The governor’s office declared a State of Preparedness for all 55 counties as heavy rain is expected to hit large parts of West Virginia through Saturday. This could elevate risks for flooding and power outages throughout the state.
The city of Huntington declared a State of Emergency, citing large scale flooding. The National Weather Service has also issued flash flood warnings in the areas surrounding Huntington and Charleston.
The West Virginia Emergency Management Division recommends staying indoors as much as possible. Quick preparation tactics include keeping 72 hours worth of bottled water and non-perishable food items around the house.
Public Information Officer Lora Lipscomb says one of the most important things to do in a weather emergency is to make sure phones are charged and backup power sources are nearby. This ensures the ability to stay connected to contacts and to receive emergency alerts.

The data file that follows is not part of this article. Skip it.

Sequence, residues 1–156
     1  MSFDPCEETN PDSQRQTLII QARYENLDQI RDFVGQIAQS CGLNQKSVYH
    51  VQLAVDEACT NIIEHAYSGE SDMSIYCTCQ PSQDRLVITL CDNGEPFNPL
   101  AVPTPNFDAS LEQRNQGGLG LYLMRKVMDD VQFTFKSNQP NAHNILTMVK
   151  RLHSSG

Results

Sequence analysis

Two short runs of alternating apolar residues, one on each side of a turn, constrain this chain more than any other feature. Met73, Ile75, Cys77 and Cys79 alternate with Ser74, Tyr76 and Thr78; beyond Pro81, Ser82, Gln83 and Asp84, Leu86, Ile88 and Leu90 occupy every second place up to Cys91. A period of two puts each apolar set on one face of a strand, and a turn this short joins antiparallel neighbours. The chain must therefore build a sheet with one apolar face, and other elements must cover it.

“They could be asking that you evacuate your home or not go into the area that they’re specifying,” Lipscomb said. “We ask you to please listen to those officials and follow those directions.”
If driving under a flood warning is necessary, Lipscomb recommends the “6-12 rule.”
“Six inches of water will knock an adult off their feet and sweep you away. Twelve inches of water could wash your vehicle away depending on the height of the vehicle,” Lipscomb said. “When you come to floodwater, you’re not going to know how deep it is. So back away from it and find another way home. You’ll be late, but we want you to get home.”
Lipscomb recommends checking the social media pages of your local emergency management agency or your local weather service for up-to-date info. Resources on what to do in an emergency can also be found online at ready.gov.